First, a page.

Blizzard Entertainment has announced that they will be producing a Warcraft live-action movie. The movie will be released by Legendary Pictures.

Former employees

Over the years, some former Blizzard employees have moved on and established gaming companies of their own:

Controversies

Battle.net

Battle.net is an online gaming service used for its games Diablo, Starcraft, Starcraft: Brood War, Diablo II, Diablo II: Lord of Destruction, Warcraft II: Battle.net Edition, Warcraft III, and Warcraft III Expansion Set: The Frozen Throne. It was released in January 1997 coinciding with the release of Diablo. It functions as a way to play over the Internet, featuring cooperative and player-versus-player game playing, a game matchmaking system, and online chat among other features. Battle.net is free, and only requires an Internet connection and account registration in order to use.

A group of gamers reverse engineered the network protocol used by Battle.net and Blizzard games, and released a free (under the GNU GPL) Battle.net emulation package called bnetd. With bnetd, a gamer is not required to use the official Battle.net servers to play Blizzard games.

In February 2002, lawyers retained by Blizzard threatened legal action under the Digital Millennium Copyright Act against the developers of bnetd. Blizzard games are designed to operate online exclusively with a set of Blizzard-controlled servers collectively known as "Battle.net". Battle.net servers include a CD key check as a means of preventing software piracy.

Despite offers from the bnetd developers to integrate Blizzard's CD key checking system into bnetd, Blizzard claims that the public availability of any such software package facilitates piracy, and moved to have the bnetd project shut down under provisions of the DMCA. As this case is one of the first major test cases for the DMCA, the Electronic Frontier Foundation became involved, for a while negotiations were ongoing to resolve the case without a trial. The negotiations failed however, and Blizzard won the case on all counts: the defendants were ruled to have breached both StarCraft's End User License Agreement (EULA) and the Terms of Use of Battle.net.

This decision was appealed to the Eighth Circuit Court of Appeals, which also ruled in favor of Blizzard/Vivendi on September 1, 2005.

Warden Client

Blizzard has made use of a special form of software known as the 'Warden Client'. When running, the client scans an individual's computer in order to verify compliance with the EULA/TOS. The Warden client is known to be used with Blizzard's World of Warcraft online game, and all players consent, via the EULA and terms of use, to the Warden software performing these scans while World of Warcraft is running.

The Warden client scans the process names, window titles, and a small portion of the code segment of running processes in order to determine whether any of these third-party programs are running. This determination is made by hashing the scanned strings and comparing the hashed value to a list of hashes assumed to correspond to cheat programs. The Warden scans all processes running on a computer, not just the World of Warcraft game, and could possibly run across what would be considered private information and other personally identifiable information. It is because of these peripheral scans that Warden has been accused of being spyware and has run afoul of controversy among privacy advocates.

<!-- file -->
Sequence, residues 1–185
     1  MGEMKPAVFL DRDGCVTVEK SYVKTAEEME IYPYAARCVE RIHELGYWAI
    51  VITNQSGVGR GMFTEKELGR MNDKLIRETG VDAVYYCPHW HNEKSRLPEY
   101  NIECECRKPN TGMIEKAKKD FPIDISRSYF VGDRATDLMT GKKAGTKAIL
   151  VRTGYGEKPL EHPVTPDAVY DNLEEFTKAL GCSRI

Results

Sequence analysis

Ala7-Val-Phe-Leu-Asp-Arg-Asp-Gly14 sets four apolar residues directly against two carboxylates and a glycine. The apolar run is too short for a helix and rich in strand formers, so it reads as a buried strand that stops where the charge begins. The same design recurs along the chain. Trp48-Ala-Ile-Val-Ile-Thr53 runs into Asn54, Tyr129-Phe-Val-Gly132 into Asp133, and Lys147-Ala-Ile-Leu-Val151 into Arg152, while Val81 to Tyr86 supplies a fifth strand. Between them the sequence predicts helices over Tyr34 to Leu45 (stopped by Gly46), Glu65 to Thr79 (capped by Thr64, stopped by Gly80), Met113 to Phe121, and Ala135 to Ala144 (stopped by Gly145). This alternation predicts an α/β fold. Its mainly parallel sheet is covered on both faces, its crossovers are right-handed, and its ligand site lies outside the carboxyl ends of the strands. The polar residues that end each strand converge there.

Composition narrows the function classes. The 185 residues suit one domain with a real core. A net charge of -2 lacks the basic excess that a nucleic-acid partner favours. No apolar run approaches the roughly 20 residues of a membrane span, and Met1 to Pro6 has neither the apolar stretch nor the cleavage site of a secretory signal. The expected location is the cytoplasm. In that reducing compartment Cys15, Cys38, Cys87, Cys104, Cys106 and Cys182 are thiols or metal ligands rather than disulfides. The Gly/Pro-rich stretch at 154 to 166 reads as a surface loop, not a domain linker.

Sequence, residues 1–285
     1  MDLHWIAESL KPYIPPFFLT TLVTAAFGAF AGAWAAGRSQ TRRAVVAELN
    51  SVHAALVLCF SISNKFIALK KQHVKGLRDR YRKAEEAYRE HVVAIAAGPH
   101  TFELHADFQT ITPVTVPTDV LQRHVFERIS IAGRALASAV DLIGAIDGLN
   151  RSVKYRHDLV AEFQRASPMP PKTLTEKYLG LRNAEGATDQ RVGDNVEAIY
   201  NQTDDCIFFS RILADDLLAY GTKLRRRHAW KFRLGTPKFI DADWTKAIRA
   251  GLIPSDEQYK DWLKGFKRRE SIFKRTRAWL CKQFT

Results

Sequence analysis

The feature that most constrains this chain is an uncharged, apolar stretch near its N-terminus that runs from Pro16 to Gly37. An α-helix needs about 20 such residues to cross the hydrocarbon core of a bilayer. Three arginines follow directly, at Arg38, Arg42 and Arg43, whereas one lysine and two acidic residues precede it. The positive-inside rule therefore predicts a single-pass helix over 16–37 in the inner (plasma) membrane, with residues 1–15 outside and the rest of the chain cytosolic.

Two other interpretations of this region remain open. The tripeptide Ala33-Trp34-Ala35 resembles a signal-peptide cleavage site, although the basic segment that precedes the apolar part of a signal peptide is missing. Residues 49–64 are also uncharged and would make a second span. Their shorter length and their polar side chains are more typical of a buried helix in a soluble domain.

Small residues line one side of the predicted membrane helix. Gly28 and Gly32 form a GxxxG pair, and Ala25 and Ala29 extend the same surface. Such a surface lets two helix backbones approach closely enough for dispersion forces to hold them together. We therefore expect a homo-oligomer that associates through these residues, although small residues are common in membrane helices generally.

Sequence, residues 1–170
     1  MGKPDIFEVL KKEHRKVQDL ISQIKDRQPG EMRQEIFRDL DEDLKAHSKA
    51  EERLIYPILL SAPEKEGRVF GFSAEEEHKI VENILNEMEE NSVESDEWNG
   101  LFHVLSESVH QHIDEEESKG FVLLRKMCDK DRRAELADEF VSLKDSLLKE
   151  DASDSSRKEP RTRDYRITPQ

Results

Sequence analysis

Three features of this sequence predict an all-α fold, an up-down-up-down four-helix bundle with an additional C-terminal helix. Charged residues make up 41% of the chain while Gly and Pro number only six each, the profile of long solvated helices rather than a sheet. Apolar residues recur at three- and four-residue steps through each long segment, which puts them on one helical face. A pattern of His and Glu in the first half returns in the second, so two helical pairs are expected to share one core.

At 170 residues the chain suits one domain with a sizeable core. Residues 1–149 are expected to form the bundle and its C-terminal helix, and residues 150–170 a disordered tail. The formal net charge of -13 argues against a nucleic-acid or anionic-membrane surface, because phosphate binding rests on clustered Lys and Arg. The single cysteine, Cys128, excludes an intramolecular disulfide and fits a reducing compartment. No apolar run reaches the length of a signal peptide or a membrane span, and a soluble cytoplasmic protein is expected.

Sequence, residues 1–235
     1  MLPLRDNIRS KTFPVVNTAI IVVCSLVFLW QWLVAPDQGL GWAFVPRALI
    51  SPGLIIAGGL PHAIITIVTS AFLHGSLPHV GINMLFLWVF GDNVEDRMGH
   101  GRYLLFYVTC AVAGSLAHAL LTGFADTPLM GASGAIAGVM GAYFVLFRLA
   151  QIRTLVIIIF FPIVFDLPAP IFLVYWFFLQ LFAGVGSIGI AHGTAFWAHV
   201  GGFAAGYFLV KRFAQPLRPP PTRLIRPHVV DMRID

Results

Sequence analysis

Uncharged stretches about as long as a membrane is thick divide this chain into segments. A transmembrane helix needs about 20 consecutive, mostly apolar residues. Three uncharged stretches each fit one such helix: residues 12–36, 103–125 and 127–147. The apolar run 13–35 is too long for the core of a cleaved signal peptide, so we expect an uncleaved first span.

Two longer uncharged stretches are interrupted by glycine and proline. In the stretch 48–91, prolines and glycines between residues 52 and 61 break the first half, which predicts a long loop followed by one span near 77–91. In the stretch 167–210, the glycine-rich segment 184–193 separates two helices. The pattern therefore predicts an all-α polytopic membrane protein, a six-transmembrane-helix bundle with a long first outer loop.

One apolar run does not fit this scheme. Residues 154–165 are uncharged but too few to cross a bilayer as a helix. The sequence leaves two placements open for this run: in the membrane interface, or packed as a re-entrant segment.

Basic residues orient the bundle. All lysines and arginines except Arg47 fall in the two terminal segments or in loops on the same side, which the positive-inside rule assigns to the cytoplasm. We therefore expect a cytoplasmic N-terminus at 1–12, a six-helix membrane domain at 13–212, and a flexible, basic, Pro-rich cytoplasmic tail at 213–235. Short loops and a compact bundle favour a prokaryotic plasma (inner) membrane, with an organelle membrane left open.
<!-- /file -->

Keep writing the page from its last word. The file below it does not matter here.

The Warden's reliability in correctly discerning legitimate vs illegitimate actions has been called into question due to actions Blizzard has taken regarding the information gathered by Warden. Most notably, that it appears that many players are reported as violating the EULA/TOS by the program, and subsequently banned, when in fact they are not cheating. A large scale incident happened when many Linux users were banned after an update to Warden caused it to incorrectly detect Cedega as a cheat program. Blizzard issued a statement claiming they had correctly identified and restored all accounts and credited them with 20 days play. Blizzard has regularly stated that the Warden sends no information, only a violation flag, to the home server. However, without specific information, having been sent by the Warden software initially, it would have been impossible for Blizzard to discern Cedega users from actual violators.

The Warden is not the first time Blizzard Entertainment has attempted to look at their customer's computers. In 1998 Blizzard Entertainment had a class action lawsuit filed against them for "unlawful business practices" for the action of collecting data from a user's computer without their permission.

FreeCraft

On June 20, 2003, Blizzard issued a cease and desist letter to the developers of an open source clone of the Warcraft engine called FreeCraft, claiming trademark infringement. This hobby project had the same gameplay and characters as Warcraft II, but came with different graphics and music. As well as a similar name, FreeCraft enabled gamers to use Warcraft II graphics, provided they had the Warcraft II CD. The programmers of the clone shut down their site without challenge. Soon after that the developers regrouped to continue the work by the name of Stratagus.

Blizzard Account

Blizzard released its Blizzard Account system in 2008. This service allows people who have purchased Blizzard Products (particularly StarCraft, Diablo II, and WarCraft III and their expansions), to download games they have purchased, without needing the CD. Soon, it will store a player's "Blizzard Level" (similar to a Gamerscore), when World of WarCraft's Achievement Points get added to the system, and expanded with future Blizzard titles, like StarCraft II and Diablo III.

See also

References

External links

Company & Corporate

The Bnetd case